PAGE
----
Prominent Uyghur Writer Dies at Chinese Internment Camp
Nurmuhammad Tohti, a well-known writer in the Xinjiang province, was taken to the divisive camps after being picked up by state authorities from his home last year.
He joins the list of intellectuals who were taken for “re-education purposes”, a regime China has defended in order to mitigate the growing threat of ‘extremism’ in the country, according to officials.
His family, now living in exile in Canada, cannot confirm whether he was tortured and died inside the camp or later in home, due to fears that of the phone owned by the family in China being tapped into by officials.
However, the Uighur Times revealed that right after his detention, Tohti had a heart attack. The health condition was ignored by the concentration camp doctors for 70 days, leaving the well-known writer to die “slowly and in pain”. 
“When his body was brought home, his legs were still chained, informing much about the potential cause of his death: by the police brutality when he was very ill.” 
His granddaughter, Berna Ilchi, said:
“We called grandmother [this week] to see if the news of my grandfather passing away that we saw on social media was true. My grandmother said he had passed way eleven days ago.”
“The truth is that they put a 70-year-old man, my grandfather, with diabetes and heart disease inside a concentration camp, and they cannot deny this.” 
Her phone call to her grandmother from a foreign land was questioned by Chinese authorities.
“What my grandmother did was simply answer a phone call from her family, telling them about the passing away of her husband. Why should that be scrutinized?” 
According to the most recent report by the Uyghur Human Rights Project, at least 386 intellectuals, including 101 students and 285 scholars, artists and journalists, have disappeared and been detained since early 2017. 
The report titled, Detained and Disappeared: Intellectuals Under Assault in the Uighur Homeland, has identified serious human-rights violations committed against university lecturers, working professionals, and other prominent individuals within the spheres of education, business, and religion.
To further bring an understanding to the psychology and mentality of the harsh treatment towards people of the Muslim faith, Henryk Szadziewski, a senior researcher of the Uyghur Human Rights Project and one of the authors of the report, said family members of these interned intellectuals living overseas have little, if any, information about the well-being or whereabouts of their loved ones.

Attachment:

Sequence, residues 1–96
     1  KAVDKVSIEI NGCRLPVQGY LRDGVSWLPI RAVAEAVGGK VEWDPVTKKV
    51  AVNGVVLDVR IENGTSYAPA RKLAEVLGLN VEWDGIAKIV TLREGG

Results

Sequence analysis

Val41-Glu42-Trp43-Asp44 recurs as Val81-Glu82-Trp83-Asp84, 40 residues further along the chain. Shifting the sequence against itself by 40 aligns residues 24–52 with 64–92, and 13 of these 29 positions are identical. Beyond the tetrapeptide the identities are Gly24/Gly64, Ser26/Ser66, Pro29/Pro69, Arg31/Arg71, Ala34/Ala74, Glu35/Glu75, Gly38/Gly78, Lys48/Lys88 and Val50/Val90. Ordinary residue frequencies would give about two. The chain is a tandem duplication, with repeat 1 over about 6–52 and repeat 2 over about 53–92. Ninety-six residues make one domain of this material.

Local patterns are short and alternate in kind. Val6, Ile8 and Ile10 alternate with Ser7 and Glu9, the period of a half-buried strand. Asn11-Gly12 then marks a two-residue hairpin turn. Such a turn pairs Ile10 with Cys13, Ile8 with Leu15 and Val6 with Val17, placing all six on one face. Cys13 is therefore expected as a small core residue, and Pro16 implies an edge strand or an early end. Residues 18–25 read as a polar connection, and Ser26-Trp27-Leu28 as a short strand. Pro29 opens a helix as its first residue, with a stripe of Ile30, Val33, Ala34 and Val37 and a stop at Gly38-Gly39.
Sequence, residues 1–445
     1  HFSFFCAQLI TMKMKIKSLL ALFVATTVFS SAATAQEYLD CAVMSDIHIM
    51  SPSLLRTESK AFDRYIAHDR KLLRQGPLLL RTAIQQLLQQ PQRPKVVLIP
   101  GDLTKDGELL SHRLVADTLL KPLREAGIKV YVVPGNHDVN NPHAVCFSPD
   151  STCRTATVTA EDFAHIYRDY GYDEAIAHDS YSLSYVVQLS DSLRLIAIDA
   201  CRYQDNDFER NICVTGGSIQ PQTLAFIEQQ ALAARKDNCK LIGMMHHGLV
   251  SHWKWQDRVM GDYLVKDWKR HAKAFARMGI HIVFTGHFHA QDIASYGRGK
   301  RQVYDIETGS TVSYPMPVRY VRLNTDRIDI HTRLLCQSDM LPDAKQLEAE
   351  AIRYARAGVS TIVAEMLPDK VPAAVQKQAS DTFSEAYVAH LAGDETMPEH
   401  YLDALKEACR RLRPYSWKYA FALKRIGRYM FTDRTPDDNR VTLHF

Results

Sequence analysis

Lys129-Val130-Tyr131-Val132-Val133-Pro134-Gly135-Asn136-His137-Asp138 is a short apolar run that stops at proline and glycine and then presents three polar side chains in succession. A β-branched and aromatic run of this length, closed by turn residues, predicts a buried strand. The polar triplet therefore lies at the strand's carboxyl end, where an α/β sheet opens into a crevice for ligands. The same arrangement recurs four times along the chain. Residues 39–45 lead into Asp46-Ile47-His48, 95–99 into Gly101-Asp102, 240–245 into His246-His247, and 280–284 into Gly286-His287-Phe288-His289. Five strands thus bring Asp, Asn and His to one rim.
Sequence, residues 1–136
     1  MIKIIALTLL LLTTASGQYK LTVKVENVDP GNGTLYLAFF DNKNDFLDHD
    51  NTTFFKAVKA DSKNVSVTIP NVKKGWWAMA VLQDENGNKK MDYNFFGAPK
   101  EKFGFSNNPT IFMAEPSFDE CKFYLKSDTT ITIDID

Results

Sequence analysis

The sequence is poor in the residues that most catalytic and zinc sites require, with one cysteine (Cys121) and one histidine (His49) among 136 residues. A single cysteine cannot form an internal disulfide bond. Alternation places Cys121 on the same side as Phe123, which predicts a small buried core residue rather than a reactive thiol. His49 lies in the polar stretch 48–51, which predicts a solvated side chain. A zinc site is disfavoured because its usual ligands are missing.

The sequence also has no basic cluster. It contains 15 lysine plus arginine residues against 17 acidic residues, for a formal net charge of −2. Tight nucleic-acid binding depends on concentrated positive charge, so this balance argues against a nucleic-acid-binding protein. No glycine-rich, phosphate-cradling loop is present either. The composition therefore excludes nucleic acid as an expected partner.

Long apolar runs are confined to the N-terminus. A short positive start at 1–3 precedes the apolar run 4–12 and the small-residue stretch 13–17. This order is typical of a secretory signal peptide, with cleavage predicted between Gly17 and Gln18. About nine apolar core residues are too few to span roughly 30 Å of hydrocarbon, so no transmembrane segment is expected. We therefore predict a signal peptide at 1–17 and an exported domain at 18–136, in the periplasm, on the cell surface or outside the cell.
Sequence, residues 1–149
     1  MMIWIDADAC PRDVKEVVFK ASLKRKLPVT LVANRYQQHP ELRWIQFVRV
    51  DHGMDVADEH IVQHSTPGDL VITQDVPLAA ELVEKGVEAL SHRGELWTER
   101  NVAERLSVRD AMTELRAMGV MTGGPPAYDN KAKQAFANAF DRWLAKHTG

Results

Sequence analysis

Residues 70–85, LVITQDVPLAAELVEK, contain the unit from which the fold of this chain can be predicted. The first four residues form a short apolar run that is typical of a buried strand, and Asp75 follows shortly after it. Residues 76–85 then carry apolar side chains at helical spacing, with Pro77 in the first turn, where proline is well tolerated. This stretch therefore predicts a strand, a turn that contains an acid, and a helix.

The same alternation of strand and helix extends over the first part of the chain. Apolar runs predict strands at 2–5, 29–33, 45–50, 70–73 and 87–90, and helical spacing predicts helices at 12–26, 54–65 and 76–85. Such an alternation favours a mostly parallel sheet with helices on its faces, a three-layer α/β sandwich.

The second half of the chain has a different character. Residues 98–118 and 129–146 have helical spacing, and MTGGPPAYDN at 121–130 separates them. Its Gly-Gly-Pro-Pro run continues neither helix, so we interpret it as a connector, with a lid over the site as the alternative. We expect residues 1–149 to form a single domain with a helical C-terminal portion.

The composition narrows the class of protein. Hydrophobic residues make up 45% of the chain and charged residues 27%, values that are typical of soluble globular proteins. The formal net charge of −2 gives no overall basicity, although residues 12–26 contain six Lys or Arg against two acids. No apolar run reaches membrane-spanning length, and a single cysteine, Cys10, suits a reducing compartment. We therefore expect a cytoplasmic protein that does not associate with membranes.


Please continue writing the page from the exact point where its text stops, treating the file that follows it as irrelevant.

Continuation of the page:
Szadziewski further added that he believes China’s broader strategy and the manifestation of its murderous politics, is to ethnically cleanse the Uyghur Muslims, and erase them of their Islamic identity.
China’s camps and forceful deportation of its citizens has been criticised by international rights organisations and Western governments, condemning the government of depriving people of their basic human rights.
At the 30th anniversary of the Tiananmen Square protest, US Secretary of State, Mike Pompeo, said in a statement:
“Chinese citizens have been subjected to a new wave of abuses, especially in Xinjiang, where the Communist Party leadership is methodically attempting to strangle Uighur culture and stamp out the Islamic faith, including through the detention of more than 1 million members of Muslim minority groups.
Even as the party builds a powerful surveillance state, ordinary Chinese citizens continue to seek to exercise their human rights, organize independent unions, pursue justice through the legal system and simply express their views, for which many are punished, jailed and even tortured.”
May Allāh (subḥānahu wa taʿālā) alleviate the suffering of our brothers and sisters in China. Āmīn.